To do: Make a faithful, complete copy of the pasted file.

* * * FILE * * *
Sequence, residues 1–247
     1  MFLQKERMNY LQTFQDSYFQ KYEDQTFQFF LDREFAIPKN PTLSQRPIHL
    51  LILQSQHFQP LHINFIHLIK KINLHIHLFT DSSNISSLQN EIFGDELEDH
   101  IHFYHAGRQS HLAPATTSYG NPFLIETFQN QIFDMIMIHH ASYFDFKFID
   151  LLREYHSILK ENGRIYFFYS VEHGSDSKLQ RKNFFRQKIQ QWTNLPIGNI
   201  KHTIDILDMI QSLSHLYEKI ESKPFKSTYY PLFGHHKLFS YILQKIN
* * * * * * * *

Sequence, residues 1–247
     1  MFLQKERMNY LQTFQDSYFQ KYEDQTFQFF LDREFAIPKN PTLSQRPIHL
    51  LILQSQHFQP LHINFIHLIK KINLHIHLFT DSSNISSLQN EIFGDELEDH
   101  IHFYHAGRQS HLAPATTSYG NPFLIETFQN QIFDMIMIHH ASYFDFKFID
   151  LLREYHSILK ENGRIYFFYS VEHGSDSKLQ RKNFFRQKIQ QWTNLPIGNI
   201  KHTIDILDMI QSLSHLYEKI ESKPFKSTYY PLFGHHKLFS YILQKIN